Empowerment through Collaboration: Community, Educator, and Museum

Empowerment through Collaboration: Community, Educator, and Museum

Jacqueline McIntosh (Victoria University of Wellington, Wellington, New Zealand), Philippe Campays (Victoria University of Wellington, Wellington, New Zealand) and Adele Leah (Victoria University of Wellington, Wellington, New Zealand)
Copyright: © 2015 |Pages: 15
DOI: 10.4018/IJCESC.2015070102
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Abstract

Since the 1970s, more than half of the Tokelau population has relocated to New Zealand due to limited natural resources and overcrowding of the 10km2 land area. In the Wellington region Tokelau groups have sought to maintain their cultural traditions and this paper discusses a collaboration between Te Umiumiga, a Tokelau Hutt Valley community, and the School of Architecture at Victoria University of Wellington, in the design and development of a sustainable, cultural community centre complex. Outcomes included a museum exhibition, which involved a further collaboration with Pataka Art + Museum and a project with the Tokelau youth. University staff and students were empowered to engage directly with the community, undertaking design work, the construction of furniture, an exploration of alternative energy sources and community garden initiatives.
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Introduction

Tokelau is one of the world’s smallest and most remote countries and is made up of three tiny atolls in the Pacific Ocean (Statistics New Zealand 2012) (Figure 1). Climate change has resulted in ongoing depopulation and today more than 75% of Tokelau people have relocated to New Zealand (NZ) in search of better economic prospects (Connell 2015). The Tokelau community in Wellington (NZ) have sought to maintain their traditions and resist the social and economic pressure to assimilate in the culture of their host country. This paper discusses a series of activities which were the result of collaboration between the Te Umiumiga, a Tokelau Hutt Valley community, and the School of Architecture at Victoria University of Wellington, in which participatory design methods were employed in the design and development of a sustainable, cultural community centre complex. Tokelau elders instigated the collaboration, believing that the development of a centre would revitalise their community and support the preservation and well-being of their cultural heritage. The community had managed to purchase a site containing a group of industrial buildings which they intended to develop for this purpose.

Figure 1.

Map of Tokelau relative to New Zealand

Developing Collaborative Relationships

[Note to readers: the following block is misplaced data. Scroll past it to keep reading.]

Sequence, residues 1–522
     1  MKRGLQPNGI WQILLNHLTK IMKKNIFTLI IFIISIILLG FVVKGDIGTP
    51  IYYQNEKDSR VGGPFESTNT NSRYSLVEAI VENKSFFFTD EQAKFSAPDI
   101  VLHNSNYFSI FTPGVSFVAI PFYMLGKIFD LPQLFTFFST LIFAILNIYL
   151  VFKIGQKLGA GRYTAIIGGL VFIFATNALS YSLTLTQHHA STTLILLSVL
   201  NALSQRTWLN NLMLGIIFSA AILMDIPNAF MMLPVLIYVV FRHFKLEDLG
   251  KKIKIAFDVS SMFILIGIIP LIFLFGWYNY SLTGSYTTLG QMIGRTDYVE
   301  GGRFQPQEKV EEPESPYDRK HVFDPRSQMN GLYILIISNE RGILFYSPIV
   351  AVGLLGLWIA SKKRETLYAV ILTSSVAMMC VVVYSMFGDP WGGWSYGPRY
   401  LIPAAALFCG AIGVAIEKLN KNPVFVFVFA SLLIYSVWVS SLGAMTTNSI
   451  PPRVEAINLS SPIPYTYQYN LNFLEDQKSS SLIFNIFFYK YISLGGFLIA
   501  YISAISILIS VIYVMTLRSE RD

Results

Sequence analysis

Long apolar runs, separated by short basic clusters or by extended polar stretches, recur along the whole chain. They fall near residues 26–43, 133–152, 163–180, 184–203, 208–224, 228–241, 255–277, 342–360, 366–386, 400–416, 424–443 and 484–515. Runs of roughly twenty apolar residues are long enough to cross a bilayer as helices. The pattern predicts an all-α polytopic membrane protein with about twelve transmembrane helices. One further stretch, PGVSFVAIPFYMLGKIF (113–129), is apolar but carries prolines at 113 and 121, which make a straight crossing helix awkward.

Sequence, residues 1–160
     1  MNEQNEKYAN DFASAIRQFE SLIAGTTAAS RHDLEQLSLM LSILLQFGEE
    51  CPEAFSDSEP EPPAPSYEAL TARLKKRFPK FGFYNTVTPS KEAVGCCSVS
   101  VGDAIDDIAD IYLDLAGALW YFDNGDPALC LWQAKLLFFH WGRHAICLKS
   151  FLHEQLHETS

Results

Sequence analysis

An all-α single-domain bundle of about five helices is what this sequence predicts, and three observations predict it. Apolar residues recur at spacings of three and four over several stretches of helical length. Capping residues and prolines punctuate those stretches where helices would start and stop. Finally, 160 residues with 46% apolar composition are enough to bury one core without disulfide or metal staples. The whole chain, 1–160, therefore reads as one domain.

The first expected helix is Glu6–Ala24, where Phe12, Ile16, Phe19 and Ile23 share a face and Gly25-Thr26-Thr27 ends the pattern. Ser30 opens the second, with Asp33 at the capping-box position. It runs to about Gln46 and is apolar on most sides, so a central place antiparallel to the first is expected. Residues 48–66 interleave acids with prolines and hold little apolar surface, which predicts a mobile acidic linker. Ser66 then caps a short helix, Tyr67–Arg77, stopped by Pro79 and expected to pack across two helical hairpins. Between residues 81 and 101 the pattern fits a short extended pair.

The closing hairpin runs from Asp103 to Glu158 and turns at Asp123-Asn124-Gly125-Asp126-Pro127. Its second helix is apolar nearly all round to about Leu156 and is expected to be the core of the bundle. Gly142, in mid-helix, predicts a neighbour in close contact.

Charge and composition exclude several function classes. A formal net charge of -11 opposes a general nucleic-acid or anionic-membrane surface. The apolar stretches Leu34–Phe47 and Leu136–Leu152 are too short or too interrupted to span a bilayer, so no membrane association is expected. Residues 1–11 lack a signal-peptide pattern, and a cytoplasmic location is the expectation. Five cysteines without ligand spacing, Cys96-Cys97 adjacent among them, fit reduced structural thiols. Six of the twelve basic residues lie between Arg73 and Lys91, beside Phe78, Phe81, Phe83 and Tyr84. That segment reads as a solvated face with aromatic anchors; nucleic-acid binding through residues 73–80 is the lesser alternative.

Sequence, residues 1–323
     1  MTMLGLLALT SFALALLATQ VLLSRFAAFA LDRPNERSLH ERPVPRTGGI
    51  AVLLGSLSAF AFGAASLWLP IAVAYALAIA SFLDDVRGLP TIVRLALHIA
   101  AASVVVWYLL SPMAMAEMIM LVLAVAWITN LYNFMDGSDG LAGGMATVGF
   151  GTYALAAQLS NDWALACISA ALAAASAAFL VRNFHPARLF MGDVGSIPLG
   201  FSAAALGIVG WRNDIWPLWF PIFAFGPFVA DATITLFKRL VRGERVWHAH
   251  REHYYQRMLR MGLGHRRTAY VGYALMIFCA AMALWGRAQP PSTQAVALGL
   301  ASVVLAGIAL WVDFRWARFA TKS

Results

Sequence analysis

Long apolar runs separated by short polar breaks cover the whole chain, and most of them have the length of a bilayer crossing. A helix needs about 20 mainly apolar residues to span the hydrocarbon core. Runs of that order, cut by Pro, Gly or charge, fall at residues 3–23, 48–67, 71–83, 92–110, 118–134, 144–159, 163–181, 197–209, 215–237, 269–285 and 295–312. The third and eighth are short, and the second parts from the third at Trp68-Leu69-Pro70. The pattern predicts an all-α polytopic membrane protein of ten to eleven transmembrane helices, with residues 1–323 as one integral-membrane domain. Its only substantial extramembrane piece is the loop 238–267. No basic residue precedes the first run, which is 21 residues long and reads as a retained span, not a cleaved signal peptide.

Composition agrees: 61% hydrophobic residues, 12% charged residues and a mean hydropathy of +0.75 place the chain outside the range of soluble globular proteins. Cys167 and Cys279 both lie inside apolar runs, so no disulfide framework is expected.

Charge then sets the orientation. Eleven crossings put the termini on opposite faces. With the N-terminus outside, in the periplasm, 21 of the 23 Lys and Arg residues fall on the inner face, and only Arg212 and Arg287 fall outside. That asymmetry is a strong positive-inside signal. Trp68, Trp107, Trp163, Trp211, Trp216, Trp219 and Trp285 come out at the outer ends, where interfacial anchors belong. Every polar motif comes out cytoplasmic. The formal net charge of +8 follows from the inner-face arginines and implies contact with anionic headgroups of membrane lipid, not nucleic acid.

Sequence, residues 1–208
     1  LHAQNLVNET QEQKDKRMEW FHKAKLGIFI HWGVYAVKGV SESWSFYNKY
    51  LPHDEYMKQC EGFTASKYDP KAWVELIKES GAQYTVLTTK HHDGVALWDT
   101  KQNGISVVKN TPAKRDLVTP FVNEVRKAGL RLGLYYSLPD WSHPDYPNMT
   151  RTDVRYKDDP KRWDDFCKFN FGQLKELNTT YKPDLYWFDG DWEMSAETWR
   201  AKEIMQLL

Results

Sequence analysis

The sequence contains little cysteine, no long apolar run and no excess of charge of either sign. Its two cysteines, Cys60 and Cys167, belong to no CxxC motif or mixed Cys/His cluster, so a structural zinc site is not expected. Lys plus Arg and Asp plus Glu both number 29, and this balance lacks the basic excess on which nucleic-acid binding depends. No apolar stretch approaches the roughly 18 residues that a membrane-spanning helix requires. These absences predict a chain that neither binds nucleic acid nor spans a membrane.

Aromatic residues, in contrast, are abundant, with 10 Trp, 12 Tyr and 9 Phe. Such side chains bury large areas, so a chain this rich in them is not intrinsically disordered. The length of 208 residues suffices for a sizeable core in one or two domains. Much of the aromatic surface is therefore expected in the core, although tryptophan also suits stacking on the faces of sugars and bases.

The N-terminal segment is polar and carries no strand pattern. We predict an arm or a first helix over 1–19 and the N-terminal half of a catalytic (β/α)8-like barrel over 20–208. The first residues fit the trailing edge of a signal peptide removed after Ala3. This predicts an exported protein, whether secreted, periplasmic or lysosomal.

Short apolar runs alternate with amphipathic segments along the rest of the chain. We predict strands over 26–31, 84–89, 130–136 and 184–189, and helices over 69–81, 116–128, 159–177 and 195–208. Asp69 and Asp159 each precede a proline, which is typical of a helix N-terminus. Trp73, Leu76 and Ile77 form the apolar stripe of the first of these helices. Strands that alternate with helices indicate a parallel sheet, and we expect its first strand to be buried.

Tokelau elders made contact with the School of Architecture at Victoria University of Wellington to share their desire for the creation of a community centre that would, ‘capture the essence of a Tokelau village,’ and act as a source of community empowerment to help retain their traditional island culture. This was a challenge that attracted a small group of academic staff with interests in participatory design, sustainable architecture, social well-being, collective memory and the use of live projects to educate their students. ‘Live projects’ are those that engage real citizens in real-time contexts, and encourage students to become active citizens of a community dedicated to cultural and ecological health (Morrow 2012).

Academic staff at the School of Architecture lacked detailed knowledge of Tokelau’s history and culture, and seeking to find a student of Tokelau descent in the School of Architecture proved difficult. This is consistent with an under representation of Tokelau (and Pacific Island) students in the School and the University overall. A participatory design method was chosen due to the absence of any students who may have been able to help facilitate the cultural relationship between the University and the Tokelau community. Introducing university students to the Tokelau youth facilitated an exchange of cultural information which enabled the community to design with and through the students. This strategy was also well suited to the Tokelau community’s desire for engaging in community building processes. From the University’s perspective the relationship provided the means to train its students as professionals of the built environment by working with real clients, while preparing students to be socially responsible world citizens. To undertake such a process where the Tokelau people became comfortable enough to participate, to debate and to design, required a great deal of trust and cooperation.

The School of Architecture research team involved in the project to date has consisted of five academic staff, five postgraduate students, and more than one hundred undergraduate students across the disciplines of architecture, sustainable engineering, project management, interior architecture and landscape architecture. As academic staff designed and implemented various learning experiences for different cohorts of students in relation to the Tokelau Community Centre, they met to clarify pedagogical commonalities and differences. Approaches to the community project were grounded in critical pedagogy (Morrow 2012, Harriss and Widder 2014), social learning theories (Schon 1983, Bruffee 1999), and constructive developmental theories (Magolda 1999, Kegan 1994).

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